This is important because when we are in the grip of strong emotions we might think we are establishing a position, but it is built on an insecure foundation. In 2005 Dalai Lama attended a conference in Gotenborg, where he met Dr. Aaron Beck, the founder of Cognitive Behaviour Therapy (CBT). During their conversation they struck up a great rapport and shared insights that showed similarities between Beck’s work and Buddhism. The Dalai Lama was particularly struck by Beck’s assertion that according to CBT, when a person is angry 90% of their reaction is an exaggeration and a projection. People talk about ‘seeing red’ when they are angry. Perhaps this is a colloquial way of realising the truth of this research.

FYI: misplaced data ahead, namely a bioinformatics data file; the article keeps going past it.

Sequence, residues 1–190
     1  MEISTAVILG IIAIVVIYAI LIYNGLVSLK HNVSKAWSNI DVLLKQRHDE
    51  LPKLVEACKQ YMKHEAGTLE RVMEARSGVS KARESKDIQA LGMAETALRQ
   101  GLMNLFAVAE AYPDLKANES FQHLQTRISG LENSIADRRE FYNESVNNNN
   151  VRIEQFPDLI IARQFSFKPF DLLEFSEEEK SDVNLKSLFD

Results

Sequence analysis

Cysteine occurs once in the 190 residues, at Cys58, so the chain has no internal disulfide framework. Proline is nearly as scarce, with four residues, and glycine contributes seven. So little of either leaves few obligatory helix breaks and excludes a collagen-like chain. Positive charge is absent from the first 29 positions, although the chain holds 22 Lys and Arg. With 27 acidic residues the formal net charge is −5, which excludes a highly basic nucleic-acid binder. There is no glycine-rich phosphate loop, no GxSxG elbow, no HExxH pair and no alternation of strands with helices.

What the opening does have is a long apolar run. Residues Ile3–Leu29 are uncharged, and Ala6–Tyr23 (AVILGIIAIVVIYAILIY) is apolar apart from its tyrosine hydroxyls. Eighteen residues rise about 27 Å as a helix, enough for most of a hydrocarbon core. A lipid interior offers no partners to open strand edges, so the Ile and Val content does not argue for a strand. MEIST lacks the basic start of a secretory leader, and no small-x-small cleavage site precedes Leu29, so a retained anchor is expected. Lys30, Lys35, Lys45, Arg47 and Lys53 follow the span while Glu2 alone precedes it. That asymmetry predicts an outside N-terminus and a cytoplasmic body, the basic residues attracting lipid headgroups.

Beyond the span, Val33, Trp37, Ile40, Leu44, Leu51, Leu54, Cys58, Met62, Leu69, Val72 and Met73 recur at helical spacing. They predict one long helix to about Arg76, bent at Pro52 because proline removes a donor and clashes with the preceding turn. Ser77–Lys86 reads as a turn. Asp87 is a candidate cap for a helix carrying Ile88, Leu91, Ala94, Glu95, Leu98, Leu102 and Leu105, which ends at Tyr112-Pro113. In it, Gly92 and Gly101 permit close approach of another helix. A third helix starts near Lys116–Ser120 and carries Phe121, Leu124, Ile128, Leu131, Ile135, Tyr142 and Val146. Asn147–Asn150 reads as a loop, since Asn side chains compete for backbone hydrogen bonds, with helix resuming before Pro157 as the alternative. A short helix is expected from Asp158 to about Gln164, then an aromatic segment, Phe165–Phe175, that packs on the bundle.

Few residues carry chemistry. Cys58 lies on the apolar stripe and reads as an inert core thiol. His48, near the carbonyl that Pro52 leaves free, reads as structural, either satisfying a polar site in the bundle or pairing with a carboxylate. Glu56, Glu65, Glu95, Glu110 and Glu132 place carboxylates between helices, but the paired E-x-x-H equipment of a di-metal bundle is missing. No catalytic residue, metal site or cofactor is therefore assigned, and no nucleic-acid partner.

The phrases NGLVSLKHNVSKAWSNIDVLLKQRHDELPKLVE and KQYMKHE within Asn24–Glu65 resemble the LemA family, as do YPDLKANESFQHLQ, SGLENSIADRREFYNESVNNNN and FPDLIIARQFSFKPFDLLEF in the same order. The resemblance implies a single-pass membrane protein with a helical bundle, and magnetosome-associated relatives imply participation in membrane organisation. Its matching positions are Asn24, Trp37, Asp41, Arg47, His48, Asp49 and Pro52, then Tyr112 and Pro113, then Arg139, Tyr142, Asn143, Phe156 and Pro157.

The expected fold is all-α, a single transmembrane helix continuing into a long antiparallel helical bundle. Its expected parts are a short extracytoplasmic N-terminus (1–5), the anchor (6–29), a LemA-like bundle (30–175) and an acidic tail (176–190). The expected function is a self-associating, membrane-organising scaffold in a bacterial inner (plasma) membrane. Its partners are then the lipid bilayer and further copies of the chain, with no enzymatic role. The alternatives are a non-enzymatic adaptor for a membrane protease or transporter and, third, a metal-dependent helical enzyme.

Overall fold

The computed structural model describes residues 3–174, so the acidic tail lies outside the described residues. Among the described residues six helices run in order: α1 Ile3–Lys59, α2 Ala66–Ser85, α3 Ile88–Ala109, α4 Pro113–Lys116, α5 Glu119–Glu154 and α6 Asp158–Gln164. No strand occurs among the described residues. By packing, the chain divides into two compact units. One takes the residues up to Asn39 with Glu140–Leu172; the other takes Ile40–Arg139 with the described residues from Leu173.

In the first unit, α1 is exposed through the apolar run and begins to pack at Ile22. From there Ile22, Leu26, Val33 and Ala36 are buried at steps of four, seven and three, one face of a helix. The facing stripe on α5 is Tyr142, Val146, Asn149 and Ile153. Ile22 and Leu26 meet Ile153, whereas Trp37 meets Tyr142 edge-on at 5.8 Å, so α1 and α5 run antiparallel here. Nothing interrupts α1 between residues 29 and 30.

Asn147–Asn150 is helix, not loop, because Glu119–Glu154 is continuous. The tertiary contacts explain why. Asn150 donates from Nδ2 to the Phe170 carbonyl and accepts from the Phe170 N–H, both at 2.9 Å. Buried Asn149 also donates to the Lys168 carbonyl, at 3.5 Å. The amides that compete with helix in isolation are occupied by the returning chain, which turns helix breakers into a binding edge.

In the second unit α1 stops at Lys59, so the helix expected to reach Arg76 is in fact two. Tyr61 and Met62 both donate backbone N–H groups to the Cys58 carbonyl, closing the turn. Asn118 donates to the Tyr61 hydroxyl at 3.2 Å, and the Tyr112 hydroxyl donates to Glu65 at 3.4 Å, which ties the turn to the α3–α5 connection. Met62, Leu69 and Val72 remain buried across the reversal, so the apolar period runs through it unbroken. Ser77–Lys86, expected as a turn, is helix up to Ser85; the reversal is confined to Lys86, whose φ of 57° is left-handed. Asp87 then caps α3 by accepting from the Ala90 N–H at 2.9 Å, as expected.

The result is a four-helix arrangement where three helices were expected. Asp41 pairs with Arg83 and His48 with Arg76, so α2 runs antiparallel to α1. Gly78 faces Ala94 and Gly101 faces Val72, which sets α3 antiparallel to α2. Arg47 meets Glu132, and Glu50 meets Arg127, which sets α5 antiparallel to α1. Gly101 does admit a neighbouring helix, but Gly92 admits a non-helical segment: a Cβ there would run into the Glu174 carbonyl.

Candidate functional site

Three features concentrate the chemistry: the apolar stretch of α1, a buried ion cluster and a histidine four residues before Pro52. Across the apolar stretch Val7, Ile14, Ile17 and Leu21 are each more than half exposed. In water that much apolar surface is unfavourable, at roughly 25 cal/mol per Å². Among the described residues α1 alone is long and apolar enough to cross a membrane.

A story of emotions

I had an experience when I was out and about in Amsterdam recently that reminded me of this. After a long bout of ‘flu, my partner and I were enjoying a trip into town for dinner and a movie. He went ahead to collect the cinema tickets and I made my way to the restaurant. As someone who has rheumatoid arthritis, when I get tired my walking can get a bit unsteady. I came to a road junction and checked that it was all clear and began to step out into the road, when along the cycle track sped a young man on a scooter, with his girlfriend riding on the back. He saw me at the edge of the pavement and deliberating aimed his scooter towards me, making me wobble uncomfortably. He was delighted with my reaction and made a sort of ‘Ohhhh, ohhhh, ohhh!’ noise which he felt summed up my response.